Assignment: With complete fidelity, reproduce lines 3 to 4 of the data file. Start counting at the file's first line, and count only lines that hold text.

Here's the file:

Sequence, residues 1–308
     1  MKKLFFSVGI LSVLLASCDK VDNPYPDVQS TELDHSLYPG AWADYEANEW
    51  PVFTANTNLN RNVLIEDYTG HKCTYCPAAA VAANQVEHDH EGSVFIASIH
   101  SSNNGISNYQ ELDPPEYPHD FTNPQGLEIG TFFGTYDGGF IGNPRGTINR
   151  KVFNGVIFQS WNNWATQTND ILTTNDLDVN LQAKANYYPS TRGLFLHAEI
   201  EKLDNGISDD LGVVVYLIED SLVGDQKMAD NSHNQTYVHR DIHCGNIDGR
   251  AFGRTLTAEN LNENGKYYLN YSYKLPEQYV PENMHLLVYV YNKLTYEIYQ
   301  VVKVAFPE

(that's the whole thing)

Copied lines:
    51  PVFTANTNLN RNVLIEDYTG HKCTYCPAAA VAANQVEHDH EGSVFIASIH
   101  SSNNGISNYQ ELDPPEYPHD FTNPQGLEIG TFFGTYDGGF IGNPRGTINR